The STRIP Method May Be Crucial For Preserving Your Finances Amid Lifestyle Creep

Receiving an increase in income can feel like the answer to all of your problems. That is, until you find yourself inadvertently bumping up your monthly expenses to match. This phenomenon of increasing your expenses each time your income goes up is known as lifestyle creep and it can keep you barely scraping by or even living beyond your means for years longer than necessary.


TikTok sensation, Vivian Tu, also known as YourRichBFF across the social media platform, has created a technique for avoiding lifestyle creep and building wealth as an act of self-care for a future version of yourself. She has named the financial planning method S.T.R.I.P., with each letter representing one of the vital steps of planning ahead for your future monetary success and security. Here is how the method breaks down and how you can get started right now on putting together a plan that works for you. 

STRIP for financial security

Vivian Tu is a former J.P. Morgan stock trader who hung up her Wall Street hat to become a full-time financial influencer helping everyday people become financially literate through social media. Her S.T.R.I.P. method starts with focusing on creating a budget and adjusting it each and every time your income changes. She advises her followers to take a realistic approach to budgeting by allocating 30% of their income to goods and experiences that can be classified as "wants" rather than "needs" (via Business Insider).


The other 70% of your income, according to Tu, should be split 50/20 with 50% dedicated to monthly expenses and other necessities, and 20% put toward saving, investing, or paying down debt. The specific intent for this last 20% will likely change over time depending on the current state of your emergency funds, other savings, total debt, and whether you have access to a retirement account through your employer. 


Most financial advisers, including Vivian Tu, advise that you prioritize saving enough money to cover three to six months of your current living expenses before focusing on paying extra toward your debts, per Forbes. The sentiment behind this advice is based on the fact that those without an emergency fund available are likely to end up in even more debt when life inevitably throws them a curveball in the form of an unexpected layoff, illness, injury, or repair bill.


The buffer an emergency fund creates is there to prevent you from taking on more high-interest debt to bail yourself of out an urgent and unexpected situation and ending up in a financial hole. If you're starting out without any savings at all, you may wish to dedicate the full 20% of your income that the S.T.R.I.P. method recommends allocating for savings and investments to building this emergency fund. Paying the monthly minimum on your debts until you've saved three months' worth of expenses and then reassessing your plan may be the wisest approach. 

Total debt

The first step to creating a plan for repaying your debt is to assess how much you owe in total and then finding out the interest rate attached to each individual debt. Typically, credit cards carry the highest interest rates while student loans and home mortgages carry the lowest, though this is not always the case. Some debts, such as outstanding medical bills, are free from interest altogether. Make a list of all your debts and rank them from the highest to the lowest interest rate.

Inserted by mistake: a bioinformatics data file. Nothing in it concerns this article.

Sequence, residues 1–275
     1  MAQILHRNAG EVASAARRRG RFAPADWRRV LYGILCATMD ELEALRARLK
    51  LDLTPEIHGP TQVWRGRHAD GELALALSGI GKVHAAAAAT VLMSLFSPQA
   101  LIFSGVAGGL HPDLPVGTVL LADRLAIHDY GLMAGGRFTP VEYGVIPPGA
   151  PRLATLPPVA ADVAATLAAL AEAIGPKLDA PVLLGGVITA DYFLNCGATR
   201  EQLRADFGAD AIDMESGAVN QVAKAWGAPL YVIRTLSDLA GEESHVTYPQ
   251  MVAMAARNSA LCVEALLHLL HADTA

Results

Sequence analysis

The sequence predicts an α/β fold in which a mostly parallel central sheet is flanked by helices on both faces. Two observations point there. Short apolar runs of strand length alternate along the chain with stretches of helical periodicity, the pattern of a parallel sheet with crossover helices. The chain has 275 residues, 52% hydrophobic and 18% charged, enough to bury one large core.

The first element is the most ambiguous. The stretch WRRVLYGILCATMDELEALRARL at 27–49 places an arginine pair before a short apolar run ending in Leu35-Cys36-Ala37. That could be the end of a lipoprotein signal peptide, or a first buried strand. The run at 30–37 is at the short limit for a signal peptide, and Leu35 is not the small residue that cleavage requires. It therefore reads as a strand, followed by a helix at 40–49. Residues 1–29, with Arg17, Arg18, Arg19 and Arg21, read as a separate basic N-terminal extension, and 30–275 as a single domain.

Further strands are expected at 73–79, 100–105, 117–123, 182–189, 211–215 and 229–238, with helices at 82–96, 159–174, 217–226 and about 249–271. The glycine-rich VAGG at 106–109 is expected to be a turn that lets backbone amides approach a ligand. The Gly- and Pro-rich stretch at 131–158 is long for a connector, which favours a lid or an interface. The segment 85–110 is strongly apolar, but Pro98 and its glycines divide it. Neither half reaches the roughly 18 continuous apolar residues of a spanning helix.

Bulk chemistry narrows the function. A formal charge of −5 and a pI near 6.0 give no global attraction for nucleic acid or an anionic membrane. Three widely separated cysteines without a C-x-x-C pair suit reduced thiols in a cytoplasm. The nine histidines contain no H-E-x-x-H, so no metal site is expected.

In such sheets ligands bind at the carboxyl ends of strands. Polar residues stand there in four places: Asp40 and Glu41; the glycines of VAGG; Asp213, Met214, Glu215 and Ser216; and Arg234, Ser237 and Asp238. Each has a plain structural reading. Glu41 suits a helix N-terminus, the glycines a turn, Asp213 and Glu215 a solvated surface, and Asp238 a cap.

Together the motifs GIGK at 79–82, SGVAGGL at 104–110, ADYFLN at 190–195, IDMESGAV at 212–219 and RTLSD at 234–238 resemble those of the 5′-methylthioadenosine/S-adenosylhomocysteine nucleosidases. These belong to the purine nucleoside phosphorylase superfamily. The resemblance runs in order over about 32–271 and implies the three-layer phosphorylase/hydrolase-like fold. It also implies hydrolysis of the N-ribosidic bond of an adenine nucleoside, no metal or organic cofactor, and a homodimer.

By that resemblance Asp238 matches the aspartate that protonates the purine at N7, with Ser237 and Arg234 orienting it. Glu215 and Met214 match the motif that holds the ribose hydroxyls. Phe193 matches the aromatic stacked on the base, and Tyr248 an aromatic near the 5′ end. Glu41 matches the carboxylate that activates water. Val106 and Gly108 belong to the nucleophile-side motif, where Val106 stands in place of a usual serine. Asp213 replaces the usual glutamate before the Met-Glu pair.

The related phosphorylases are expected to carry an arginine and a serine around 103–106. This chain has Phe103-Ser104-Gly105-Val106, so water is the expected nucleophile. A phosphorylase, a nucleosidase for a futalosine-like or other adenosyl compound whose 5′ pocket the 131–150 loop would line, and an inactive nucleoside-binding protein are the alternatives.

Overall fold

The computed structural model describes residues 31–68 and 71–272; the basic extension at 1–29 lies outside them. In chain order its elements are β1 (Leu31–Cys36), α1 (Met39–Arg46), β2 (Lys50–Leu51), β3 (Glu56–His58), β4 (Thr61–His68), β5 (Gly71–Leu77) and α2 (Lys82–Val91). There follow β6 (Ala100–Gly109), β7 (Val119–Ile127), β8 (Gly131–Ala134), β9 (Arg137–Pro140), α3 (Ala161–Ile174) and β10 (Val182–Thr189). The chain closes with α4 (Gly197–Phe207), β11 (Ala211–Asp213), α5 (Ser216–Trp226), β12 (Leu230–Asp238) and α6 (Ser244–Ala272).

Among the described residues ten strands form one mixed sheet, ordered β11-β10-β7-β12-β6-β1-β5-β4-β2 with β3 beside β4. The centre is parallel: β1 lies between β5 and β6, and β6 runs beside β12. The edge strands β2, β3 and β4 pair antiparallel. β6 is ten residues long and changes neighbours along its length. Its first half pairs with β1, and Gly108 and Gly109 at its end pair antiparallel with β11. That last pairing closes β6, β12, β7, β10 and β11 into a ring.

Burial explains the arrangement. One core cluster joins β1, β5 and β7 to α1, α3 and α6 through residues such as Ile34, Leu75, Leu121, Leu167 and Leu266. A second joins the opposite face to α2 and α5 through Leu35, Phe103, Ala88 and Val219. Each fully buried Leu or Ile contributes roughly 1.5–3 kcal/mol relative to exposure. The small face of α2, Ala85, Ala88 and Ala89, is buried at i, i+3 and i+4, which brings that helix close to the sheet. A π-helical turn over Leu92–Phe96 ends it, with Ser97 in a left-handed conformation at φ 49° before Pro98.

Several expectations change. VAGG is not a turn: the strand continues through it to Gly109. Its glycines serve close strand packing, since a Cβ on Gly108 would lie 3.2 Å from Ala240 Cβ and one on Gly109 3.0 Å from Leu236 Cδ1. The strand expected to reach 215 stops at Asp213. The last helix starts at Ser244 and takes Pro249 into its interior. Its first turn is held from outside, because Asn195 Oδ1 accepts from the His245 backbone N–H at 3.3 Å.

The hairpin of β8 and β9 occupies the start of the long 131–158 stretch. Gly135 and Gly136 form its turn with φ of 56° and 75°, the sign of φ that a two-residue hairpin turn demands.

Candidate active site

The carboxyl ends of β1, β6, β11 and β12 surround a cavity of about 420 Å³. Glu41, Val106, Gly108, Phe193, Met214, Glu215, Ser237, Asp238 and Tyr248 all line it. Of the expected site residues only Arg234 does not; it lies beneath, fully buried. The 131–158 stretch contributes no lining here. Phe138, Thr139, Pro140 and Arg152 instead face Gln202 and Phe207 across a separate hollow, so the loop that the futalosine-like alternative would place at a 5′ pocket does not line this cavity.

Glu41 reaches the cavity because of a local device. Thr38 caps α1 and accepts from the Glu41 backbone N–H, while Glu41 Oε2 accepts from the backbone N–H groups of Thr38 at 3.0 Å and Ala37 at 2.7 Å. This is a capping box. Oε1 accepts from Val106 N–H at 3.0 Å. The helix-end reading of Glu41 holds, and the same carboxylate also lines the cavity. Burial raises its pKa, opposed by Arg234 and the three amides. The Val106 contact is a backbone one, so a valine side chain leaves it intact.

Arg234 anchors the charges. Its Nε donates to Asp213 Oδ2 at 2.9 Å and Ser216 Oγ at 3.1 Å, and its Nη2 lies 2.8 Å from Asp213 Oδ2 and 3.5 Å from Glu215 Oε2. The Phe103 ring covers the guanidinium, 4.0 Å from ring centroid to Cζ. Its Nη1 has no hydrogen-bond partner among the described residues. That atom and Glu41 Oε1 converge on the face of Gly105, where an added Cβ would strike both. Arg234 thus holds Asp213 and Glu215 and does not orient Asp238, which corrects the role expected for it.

If you've already saved enough to cover at least three months of living expenses, you may wish to temporarily shift all or most of your 20% income allocation to paying down your debts. Focus on paying off the debts with the highest interest rates first. Vivian Tu recommends paying the monthly minimum on all debts with an interest rate below 7% while paying off those with rates higher than that as quickly as possible, per Business Insider. 

Retirement funds

Once you've reached the point where you have an adequate emergency fund saved and you've paid off all debts with interest rates higher than 7%, Vivian Tu advises that you turn your attention to planning for your retirement, per Business Insider. Depending on your age, it may feel like retirement is a faraway dream that will never become reality, but the day will arrive and probably sooner than you realize.


If you have a 401(k) or other retirement accounts through your employer, your goal is to maximize your contribution. A financial adviser or your company's human resources department can help you decipher exactly what that amount is and whether or not your employer will be matching your contribution. If you're self-employed as a freelancer or small business owner, it's up to you to open your own retirement account. Tu recommends seeking out an IRA or ROTH IRA, depending on your income level. 


If you've managed to cover your monthly expenses, build an emergency fund, repay your high-interest debts, and maximize your retirement savings and you still have income left over, congratulations! You're now ready to start investing, according to the S.T.R.I.P. method. This may look like literal investments in stocks or bonds, or investing in your own future by seeking higher education and expanding your earning potential (via Business Insider). Ideally, you'll have enough income left after completing the previous steps of the plan to do both.


As you navigate the S.T.R.I.P. technique, it's important to keep in mind that the final letter, P, stands for plan. Each step is merely a concept until you realize it by applying it to your own individualized financial plan. Write out your plan on paper, enter it into a spreadsheet, share it with your friends and family, or shout it from the rooftops. Be sure to rework your plan whenever your income changes and you'll be headed toward a financially secure future.